The Effective Author: Get More Done by Taking Breaks
© 2018 Kebba Buckley Button, MS, OM. World Rights Reserved. kebba.com
One of the great ironies of life is that we can actually get more done by taking breaks! A timer, movement, and napping may be your best tools to increase productivity. And who doesn’t love getting more done – by “trying” less each day?
To really benefit from your breaks, start by eliminating stalling with a timer. Consider how you may hate to sit down and actually get started, so you stall. That’s a huge way to rob your own productivity. Try this: find an analog kitchen timer (the twirl-the-dial kind), and set it for, say 45 minutes. This style of timer shows you how much time you have left out of your 45 minutes. But any countdown timer will do. From now on, you are only allowed to work for 45 minutes at a time!
Then you take 15 minutes for a break. Your brain’s prefrontal cortex (PFC) literally needs a break, to process your thoughts, conclusions, and memories. So give it a chance to do that by trying any of the following pointers. Then re-set the timer and go for 45 minutes again.
The only exception you might make to stopping at the 45-minute mark is if you are in The Flow. Then you can “cheat” by enjoying your writing productivity awhile extra. If you go over your current timer period by, say, an extra 45 minutes, make your next break a double, or 30 minutes in duration.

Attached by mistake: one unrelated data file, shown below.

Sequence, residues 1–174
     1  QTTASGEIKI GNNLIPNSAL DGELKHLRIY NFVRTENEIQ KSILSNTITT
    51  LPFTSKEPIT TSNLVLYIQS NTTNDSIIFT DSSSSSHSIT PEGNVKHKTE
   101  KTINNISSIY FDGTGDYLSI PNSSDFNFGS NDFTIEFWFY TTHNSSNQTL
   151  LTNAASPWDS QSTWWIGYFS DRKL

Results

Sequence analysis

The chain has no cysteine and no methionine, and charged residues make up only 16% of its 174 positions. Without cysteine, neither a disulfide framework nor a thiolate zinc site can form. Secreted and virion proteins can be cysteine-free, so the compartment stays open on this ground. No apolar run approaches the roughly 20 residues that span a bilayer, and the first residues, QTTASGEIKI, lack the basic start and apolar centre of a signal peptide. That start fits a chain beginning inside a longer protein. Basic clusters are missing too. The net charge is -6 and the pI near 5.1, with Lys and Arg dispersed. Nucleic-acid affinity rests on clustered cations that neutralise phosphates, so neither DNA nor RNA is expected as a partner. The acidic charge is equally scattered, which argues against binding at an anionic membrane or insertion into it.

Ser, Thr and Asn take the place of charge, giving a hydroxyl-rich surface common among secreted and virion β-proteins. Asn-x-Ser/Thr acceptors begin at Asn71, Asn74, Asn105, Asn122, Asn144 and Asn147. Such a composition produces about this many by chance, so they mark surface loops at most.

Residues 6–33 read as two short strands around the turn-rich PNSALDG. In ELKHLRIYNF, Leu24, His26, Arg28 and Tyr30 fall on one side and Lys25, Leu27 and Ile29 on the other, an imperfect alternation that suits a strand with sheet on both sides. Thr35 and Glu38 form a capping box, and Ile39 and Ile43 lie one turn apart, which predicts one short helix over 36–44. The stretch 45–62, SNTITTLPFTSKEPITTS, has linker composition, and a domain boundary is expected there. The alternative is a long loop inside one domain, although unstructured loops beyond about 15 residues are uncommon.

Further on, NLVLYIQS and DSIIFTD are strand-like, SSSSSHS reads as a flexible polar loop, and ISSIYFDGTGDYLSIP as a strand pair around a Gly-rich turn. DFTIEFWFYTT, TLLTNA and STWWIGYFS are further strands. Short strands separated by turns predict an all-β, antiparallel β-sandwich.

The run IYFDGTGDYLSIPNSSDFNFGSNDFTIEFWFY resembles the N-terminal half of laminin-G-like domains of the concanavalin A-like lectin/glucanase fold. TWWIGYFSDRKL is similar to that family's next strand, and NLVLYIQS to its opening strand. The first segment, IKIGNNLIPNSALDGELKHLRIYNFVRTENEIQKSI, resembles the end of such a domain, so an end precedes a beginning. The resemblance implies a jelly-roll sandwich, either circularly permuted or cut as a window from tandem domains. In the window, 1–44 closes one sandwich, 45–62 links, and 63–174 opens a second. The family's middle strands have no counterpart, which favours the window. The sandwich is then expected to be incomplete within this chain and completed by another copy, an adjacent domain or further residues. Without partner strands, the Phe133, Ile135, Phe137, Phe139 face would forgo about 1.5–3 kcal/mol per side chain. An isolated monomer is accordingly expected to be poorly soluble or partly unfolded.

Here are several of the easiest breaks you can take to achieve the greatest effects:
- Do something kinesthetic. Move! Stand up and stretch, roll your shoulders, or run in place for a couple of minutes. Bat a tennis ball, plant a few of those petunia sets, trim that front bush, handwrite a thank-you note, wash dishes by hand. Eat: get a healthy snack, brew a favorite beverage. Focus: look at things 100 to 300 feet away to refresh your eyes. If you have a garden, sit outside staring at the garden and beyond.
- Just walk. Some famous authors have walked a lot, including Dickens, Thoreau, Woolf, and Wordsworth. Also, a Stanford University study has shown that writers who walk are more creative than those who don’t. This goes for walking outside, inside, or even on a treadmill.
- Have a power nap. Studies show an afternoon nap can make you more alert, as well as improve your thought processes. Target 20 minutes, set a timer, and enjoy.
Try the systematic use of breaks for a week, and see how much more effective and competent you are. Admire your productivity and congratulate yourself: you’re The Effective Authorsm!
Kebba Buckley Button is a stress management expert. She also has a natural healing practice and is an ordained minister. She is the author of the award-winning book, Discover The Secret Energized You, plus Sacred Meditation: Embracing the Divine, available through her office. Just email SacredMeditation@kebba.com. Kebba’s newest book is the full-color Inspirations for Peace Within: Quotes and Images to Uplift and Inspire, also available through her office. For an appointment or to ask Kebba to speak for your group: email@example.com.